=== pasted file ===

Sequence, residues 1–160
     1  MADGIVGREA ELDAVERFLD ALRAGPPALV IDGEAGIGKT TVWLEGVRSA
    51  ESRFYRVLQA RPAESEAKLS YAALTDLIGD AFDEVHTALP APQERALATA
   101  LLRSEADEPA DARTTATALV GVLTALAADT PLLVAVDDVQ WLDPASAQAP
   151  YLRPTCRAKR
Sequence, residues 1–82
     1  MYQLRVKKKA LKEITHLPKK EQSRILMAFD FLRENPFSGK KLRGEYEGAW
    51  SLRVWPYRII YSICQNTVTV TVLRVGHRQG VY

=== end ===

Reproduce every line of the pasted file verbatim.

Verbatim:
Sequence, residues 1–160
     1  MADGIVGREA ELDAVERFLD ALRAGPPALV IDGEAGIGKT TVWLEGVRSA
    51  ESRFYRVLQA RPAESEAKLS YAALTDLIGD AFDEVHTALP APQERALATA
   101  LLRSEADEPA DARTTATALV GVLTALAADT PLLVAVDDVQ WLDPASAQAP
   151  YLRPTCRAKR
Sequence, residues 1–82
     1  MYQLRVKKKA LKEITHLPKK EQSRILMAFD FLRENPFSGK KLRGEYEGAW
    51  SLRVWPYRII YSICQNTVTV TVLRVGHRQG VY